Main article: History of Gujarat [edit] Origin See also: Gurjar Modern-day Gujarat is derived from Gurjaratra that is the land protected or ruled by the Gurjars, or from Gurjar-rashtra, the Gujjar nation.[4][5][6] The origins of the Gujjars are uncertain. The Gujjar clan appeared in northern India about the time of the Huna invasions of northern India. Some scholars, such as V. A. Smith, believed that the Gujjars were foreign immigrants, possibly a branch of Hephthalites ("White Huns"), however others, such as K.M.Munshi, stated them as Indian. The name of the tribe was Sanskritized to "Gurjara" .[7] [edit] Ancient history See also: Indus Valley Civilization, Maitraka, and Solanki Ancient Lothal as envisaged by the Archaeological Survey of India. Historically, the present-day state of Gujarat has been one of the main centers of the Indus Valley Civilization. It contains major ancient metropolitan cities from the Indus Valley such as Lothal, Dholavira, and Gola Dhoro. The ancient city of Lothal is the site of the India's first port. Also, Dholavira, the ancient city, is one of the largest and most prominent archaeological sites in India, belonging to the Indus Valley Civilization. The most recent discovery was Gola Dhoro. All together, about 50 Indus Valley settlement ruins were discovered in Gujarat.[8] The ancient history of Gujarat was enriched by their commercial activities. There is a clear historical evidence of trade and commerce ties with Sumer in the Persian Gulf during the time period of 1000 to 750 BC.[8] There was a succession of Hindu kingdoms including the era of the Gupta dynasty and Gurjara-Pratihara dynasty. Afterwards the region was ruled by the Maitrakas and then the Solankis. The 11th century history of Gujarat saw the emergence of the Muslims in the political arena of the state. The first Muslim conqueror was Mahmud of Ghazna whose conquest of Somnath effectively ended the rule of the Solankis.[8] [edit] 1297 CE 1614 CE From 1297 to 1300, Allauddin Khilji, Sultan of Delhi, destroyed Anhilwara and incorporated Gujarat into the Delhi Sultanate. After Timur's sacking of Delhi at the end of the fourteenth century weakened the Sultanate, Gujarat's Muslim governor Zafar Khan Muzaffar asserted his independence, and his son, Sultan Ahmed Shah (ruled 1411 to 1442), restructured Ahmedabad as the capital. Cambay eclipsed Bharuch as Gujarat's most important trade port. The Sultanate of Gujarat remained independent until 1576, when the Mughal emperor Akbar conquered it and annexed it to the Mughal Empire. The port of Surat become the prominent and main port of India during Mughal rule. Gujarat

remained a province of the Mughal empire until the Marathas occupied eastern and central Gujarat in the eighteenth century; Western Gujarat (Kathiawar and Kutch) were divided among numerous local rulers. Bombay Presidency in 1909, northern portion Bombay Presidency in 1909, southern portion [edit] 1614 CE 1947 CE Portugal was the first European power to arrive in Gujarat, acquiring several enclaves along the Gujarati coast, including Daman and Diu as well as Dadra and Nagar Haveli. The British East India Company established a factory in Surat in 1614, which formed their first base in India, but it was eclipsed by Bombay after the British acquired it from Portugal in 1668. The Company wrested control of much of Gujarat from the Marathas during the Second Anglo-Maratha War. Many local rulers, notably the Maratha Gaekwads of Baroda (Vadodara), made a separate peace with the British and acknowledged British sovereignty in return for retaining local self-rule. Gujarat was placed under the political authority of the Bombay Presidency, with the exception of Baroda state, which had a direct relationship with the Governor-General of India. From 1818 to 1947, most of present-day Gujarat, including Kathiawar, Kutch, and northern and eastern Gujarat were divided into hundreds of princely states, but several districts in central and southern Gujarat, namely Ahmedabad, Broach (Bharuch), Kaira (Kheda), Panchmahal, and Surat, were ruled directly by British officials. [edit] Indian independence movement See also: Freedom fighters from Gujarat Mahadev Desai (left) reading out a letter to Mahatma Gandhi from the viceroy at Birla House, Bombay, 7 April 1939. Leaders like Mohandas Karamchand Gandhi, Sardar Vallabhbhai Patel, Morarji Desai, K.M. Munshi, Narhari Parikh, Mahadev Desai, Mohanlal Pandya, Bhulabhai Desai and Ravi Shankar Vyas all hailed from Gujarat. As well, Mohammed Ali Jinnah's, Pakistan's first Governor-General, father was from an area which later became Gujarat. Gujarat was also the site of some of the most popular revolts, including the Satyagrahas in Kheda, Bardoli, Borsad and the Salt Satyagraha. [edit] Post independence After Indian independence and the partition of India in 1947, the new Indian government grouped the former princely states of Gujarat into three larger units; Saurashtra, which included the former princely states on the Kathiawad peninsula, Kutch, and Bombay state, which included the former British districts of Bombay Presidency together with most of Baroda state and the other former princely states of eastern Gujarat. In 1956, Bombay state was enlarged to include Kutch, Saurashtra, and parts of Hyderabad state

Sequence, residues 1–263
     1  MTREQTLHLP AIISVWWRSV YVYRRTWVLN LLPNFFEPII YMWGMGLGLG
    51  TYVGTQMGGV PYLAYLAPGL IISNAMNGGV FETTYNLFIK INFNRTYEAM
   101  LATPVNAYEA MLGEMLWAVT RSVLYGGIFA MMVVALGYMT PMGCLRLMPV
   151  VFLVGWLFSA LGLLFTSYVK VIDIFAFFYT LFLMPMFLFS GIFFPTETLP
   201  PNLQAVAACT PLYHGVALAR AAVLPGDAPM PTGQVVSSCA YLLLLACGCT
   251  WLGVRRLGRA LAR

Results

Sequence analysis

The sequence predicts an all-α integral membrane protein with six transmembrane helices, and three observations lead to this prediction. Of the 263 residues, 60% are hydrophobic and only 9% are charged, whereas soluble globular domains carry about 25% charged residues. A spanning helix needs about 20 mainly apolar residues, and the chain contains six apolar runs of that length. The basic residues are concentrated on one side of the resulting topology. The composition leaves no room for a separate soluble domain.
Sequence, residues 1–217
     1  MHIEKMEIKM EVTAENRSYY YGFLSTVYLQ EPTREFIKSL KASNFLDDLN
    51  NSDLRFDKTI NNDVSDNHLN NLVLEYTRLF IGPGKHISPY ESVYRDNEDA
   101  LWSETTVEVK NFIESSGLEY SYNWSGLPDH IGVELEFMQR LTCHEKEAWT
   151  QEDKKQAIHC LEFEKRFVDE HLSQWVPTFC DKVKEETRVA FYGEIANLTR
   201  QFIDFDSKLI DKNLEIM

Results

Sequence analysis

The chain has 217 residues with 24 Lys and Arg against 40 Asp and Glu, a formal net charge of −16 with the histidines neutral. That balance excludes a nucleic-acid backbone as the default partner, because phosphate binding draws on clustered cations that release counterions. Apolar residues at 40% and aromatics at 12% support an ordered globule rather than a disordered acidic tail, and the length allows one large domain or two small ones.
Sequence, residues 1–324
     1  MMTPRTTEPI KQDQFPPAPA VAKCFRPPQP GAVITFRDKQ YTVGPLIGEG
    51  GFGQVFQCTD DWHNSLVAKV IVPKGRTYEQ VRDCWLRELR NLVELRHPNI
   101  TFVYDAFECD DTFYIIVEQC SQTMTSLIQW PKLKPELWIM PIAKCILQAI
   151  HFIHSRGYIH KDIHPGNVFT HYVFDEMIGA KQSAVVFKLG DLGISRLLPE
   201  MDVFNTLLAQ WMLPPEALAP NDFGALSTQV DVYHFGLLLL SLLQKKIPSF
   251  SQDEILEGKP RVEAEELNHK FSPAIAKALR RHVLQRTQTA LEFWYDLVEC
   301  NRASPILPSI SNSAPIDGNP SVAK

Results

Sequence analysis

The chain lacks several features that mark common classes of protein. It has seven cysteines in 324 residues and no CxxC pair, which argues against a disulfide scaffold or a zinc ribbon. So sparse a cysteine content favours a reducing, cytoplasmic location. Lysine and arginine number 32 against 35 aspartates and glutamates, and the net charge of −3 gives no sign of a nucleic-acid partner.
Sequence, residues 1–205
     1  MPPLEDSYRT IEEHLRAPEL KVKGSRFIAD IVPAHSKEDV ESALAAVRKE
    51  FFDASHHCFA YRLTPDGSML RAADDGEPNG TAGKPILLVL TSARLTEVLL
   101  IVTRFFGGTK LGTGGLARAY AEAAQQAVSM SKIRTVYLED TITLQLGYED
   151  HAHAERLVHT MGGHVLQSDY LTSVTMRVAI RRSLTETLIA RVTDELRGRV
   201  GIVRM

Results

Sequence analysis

and Madhya Pradesh in central India. The new state had a mostly Gujarati-speaking north and a Marathi-speaking south. Agitation by both Gujarati and Marathi nationalists for their own states led to the split of Bombay state on linguistic lines; on 1 May 1960, it became the new states of Gujarat and Maharashtra. The first capital of Gujarat was Ahmedabad; the capital was moved to Gandhinagar in 1970. [edit] Geography Main article: Geography of Gujarat See also: Climate of Gujarat Geography of Gujarat. Courtesy: NASA Earth Observatory Gujarat borders with Pakistan to the north-west, bounded by the Arabian Sea to the southwest, the state of Rajasthan to the northeast, Madhya Pradesh to the east, and by Maharashtra, Union territories of Diu, Daman, Dadra and Nagar Haveli to the south. Historically, the North was known as Anarta, the Kathiawad peninsula, "Saurastra", and the South as "Lata".[9] Gujarat was also known as Pratichya and Varuna.[10] The Arabian Sea makes up the state's western coast. The capital, Gandhinagar is a planned city. Gujarat has an area of 75,686 sq mi (196,077 km. [edit] Forests and Wildlife Gir National Park Male Asiatic lion Main article: List of national parks and wildlife sanctuaries of Gujarat, India . As per the India State Of Forest Report 2009, Gujarat is having 7.46 % of its' total geographical area under forest cover. As per the districts, The Dangs is having the largest area under forest cover. Gujarat has 4 National parks and 21 sanctuaries. Gujarat is the only home of Asiatic Lions. Outside Africa, Gujarat is the only present natural habitat of lions. Gir Forest National Park in the south-west part of the state covers only part of the lions' habitat. Besides lions, the other big cat that can be found in the state is the leopard. Leopards are spread across large plains of Saurashtra and mountains of South Gujarat. Saputara Other National parks include Vansda National Park, Blackbuck National Park, Velavadar and Marine National Park, Gulf of Kutch. Wildlife sanctuaries include: Wild Ass Wildlife Sanctuary, Nal Sarovar Bird Sanctuary, Porbandar Bird Sanctuary, Kutch Desert Wildlife Sanctuary, Kutch Bustard Sanctuary, Narayan Sarovar Sanctuary, Jessore Sloth Bear Sanctuary, Anjal, Balaram-Ambaji, Barda, Jambu